Dating Dexter Press Postcards

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Diane Allmen

Dating Dexter Press Postcards

Thomas Dexter opened a print shop in Park Ridge, New Jersey in 1920.  When that original location proved too small in 1928, the business moved to Pearl River, New York.

In the 1930s, Dexter was printing linen cards and some hand-colored ones. In more recent times, most of us know Dexter Press for its natural color postcards that came from his plant in West Nyack, New York after 1952.

I purchased the Dexter Press archives and geographical location file in the 1980s as they were going out of business. Since then, I have sold Dexter cards at shows, eBay, and other auction sites. In 2019, I got serious about selling them on eBay to individuals. The cards range in age from the 1950s to the1980s.

There are more than one million Dexter Press postcards in my inventory and for a long time, I have had an interest in documenting the publishing dates of these cards. Now is the time to get them out there to folks who have memories of the great places and times depicted.

Dexter Press cards come in many sizes including the standard 3½ x 5½ inches and the continental 4 x 6 inches. Many of the advertising, hotel, and restaurant cards are 5½ x 7 inches and giant advertising cards are 6 x 9 inches.

Over several years I developed the chart below to date most Dexter postcards. The card number is on the back in either the lower left corner or the upper right corner near the stamp box. Some 1950s cards may have the number in the lower center of the address side.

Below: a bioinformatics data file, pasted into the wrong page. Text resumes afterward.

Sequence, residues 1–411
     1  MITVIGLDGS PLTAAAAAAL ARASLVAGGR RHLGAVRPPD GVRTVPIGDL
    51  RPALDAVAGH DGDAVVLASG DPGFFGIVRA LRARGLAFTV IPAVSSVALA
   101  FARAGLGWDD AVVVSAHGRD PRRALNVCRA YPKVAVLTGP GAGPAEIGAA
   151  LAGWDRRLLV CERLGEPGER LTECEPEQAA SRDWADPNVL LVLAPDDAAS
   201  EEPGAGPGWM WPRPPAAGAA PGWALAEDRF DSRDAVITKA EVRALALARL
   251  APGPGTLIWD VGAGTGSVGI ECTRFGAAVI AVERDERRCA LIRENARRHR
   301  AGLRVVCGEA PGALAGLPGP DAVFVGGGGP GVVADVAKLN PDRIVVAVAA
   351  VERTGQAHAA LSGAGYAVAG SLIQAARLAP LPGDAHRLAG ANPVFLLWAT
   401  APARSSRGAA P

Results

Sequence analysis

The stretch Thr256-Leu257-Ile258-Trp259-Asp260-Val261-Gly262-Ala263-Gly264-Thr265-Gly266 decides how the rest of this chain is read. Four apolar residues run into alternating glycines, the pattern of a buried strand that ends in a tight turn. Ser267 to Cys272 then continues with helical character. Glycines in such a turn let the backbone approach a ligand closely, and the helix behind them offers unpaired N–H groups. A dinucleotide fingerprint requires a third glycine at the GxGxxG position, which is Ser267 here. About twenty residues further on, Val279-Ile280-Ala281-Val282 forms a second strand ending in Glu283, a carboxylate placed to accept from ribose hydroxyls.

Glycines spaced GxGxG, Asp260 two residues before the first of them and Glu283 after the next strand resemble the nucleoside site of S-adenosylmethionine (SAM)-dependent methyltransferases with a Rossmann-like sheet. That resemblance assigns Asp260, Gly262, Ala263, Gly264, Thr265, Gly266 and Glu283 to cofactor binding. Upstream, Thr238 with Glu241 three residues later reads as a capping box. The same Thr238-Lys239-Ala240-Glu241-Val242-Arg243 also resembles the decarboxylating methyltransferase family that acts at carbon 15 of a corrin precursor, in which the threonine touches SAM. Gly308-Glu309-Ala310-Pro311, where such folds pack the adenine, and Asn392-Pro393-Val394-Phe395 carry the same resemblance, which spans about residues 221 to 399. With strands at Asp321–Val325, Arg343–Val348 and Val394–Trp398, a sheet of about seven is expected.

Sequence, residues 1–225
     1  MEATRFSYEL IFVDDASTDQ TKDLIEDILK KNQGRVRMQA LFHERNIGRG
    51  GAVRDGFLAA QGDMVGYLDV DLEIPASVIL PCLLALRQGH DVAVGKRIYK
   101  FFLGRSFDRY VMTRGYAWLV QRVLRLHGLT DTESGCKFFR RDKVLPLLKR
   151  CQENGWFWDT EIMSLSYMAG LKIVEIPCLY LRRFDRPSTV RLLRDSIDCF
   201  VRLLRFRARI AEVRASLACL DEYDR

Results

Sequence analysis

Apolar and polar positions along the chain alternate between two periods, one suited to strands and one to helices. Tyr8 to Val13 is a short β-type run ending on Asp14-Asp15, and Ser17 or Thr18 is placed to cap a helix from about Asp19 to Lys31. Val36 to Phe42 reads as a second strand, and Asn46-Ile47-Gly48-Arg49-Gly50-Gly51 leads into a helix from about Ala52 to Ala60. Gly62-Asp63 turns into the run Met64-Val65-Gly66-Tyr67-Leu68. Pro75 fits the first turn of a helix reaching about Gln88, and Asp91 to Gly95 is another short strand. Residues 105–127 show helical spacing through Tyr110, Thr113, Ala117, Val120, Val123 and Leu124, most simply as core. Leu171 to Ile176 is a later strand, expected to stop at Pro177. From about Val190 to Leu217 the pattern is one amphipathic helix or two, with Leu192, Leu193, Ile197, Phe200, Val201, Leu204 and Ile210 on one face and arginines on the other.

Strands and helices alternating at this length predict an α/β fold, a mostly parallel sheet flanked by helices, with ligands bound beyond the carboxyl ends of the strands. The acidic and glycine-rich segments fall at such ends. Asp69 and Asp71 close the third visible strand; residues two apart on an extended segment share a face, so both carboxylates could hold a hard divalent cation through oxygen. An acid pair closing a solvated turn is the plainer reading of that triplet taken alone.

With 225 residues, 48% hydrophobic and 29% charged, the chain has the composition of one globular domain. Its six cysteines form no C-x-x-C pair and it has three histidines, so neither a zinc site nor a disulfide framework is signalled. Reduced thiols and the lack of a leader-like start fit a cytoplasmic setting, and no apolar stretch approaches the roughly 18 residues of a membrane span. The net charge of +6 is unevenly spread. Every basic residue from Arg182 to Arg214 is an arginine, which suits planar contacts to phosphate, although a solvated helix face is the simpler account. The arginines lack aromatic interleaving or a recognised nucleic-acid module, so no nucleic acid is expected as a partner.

As I went through the cards, I found many that had publishing dates in the lower left corner and began documenting these dates in a table with the Dexter Press numbers.

The content of the photos and types of cardstocks used also helped with dating. Those from the 1950s were printed on heavier cardstock, have a flatter finish, and many are marked with the Dextone Printing Process statement. Dextone paper was marked with Kodachrome & Ansco Color by Dexter Press, Pearl River, New York.

Dexter cards printed from 1950 to 1957 are numbered sequentially

Around 1960, Dexter changed its process to the high gloss finishes for which chromes are now known. I am still sorting through cards which are in boxes by the Dexter Press inventory numbers. It will take several more years to get through them all.

00001 to 99999 with no letter following

1950-1951      #00001-39999 with no letter following
1951                #40000-59999
1952-53          #60000s
1954                #70000s
1955                #80000s
1956-57          #90000
1957                5 digit number with an A following
1958                #1-10000-Bs
1959                #20000-Bs
1960                #30000-Bs
1961                #40000-Bs
1962                #50000-Bs
1963                #60000-Bs
1964                #70000-B to 99999-Bs
1965                #0-C to 9999-C
1966                #10000-Cs
1967                #20000-Cs
1968                #30000-Cs to 49999-C (still looking for more data)
1969                #50000-Cs
1970                #60000-Cs
1971-74           #70000-C to 99999-C
1975-1983      #00001-D to 99999-D

Data on the – D and – E cards will be available in the future. Watch this space for updates and expansion and improvement of this chart.

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This is incredibly helpful, and has allowed me to assign solid dates to a number of cards in the museum where I work. Many thanks!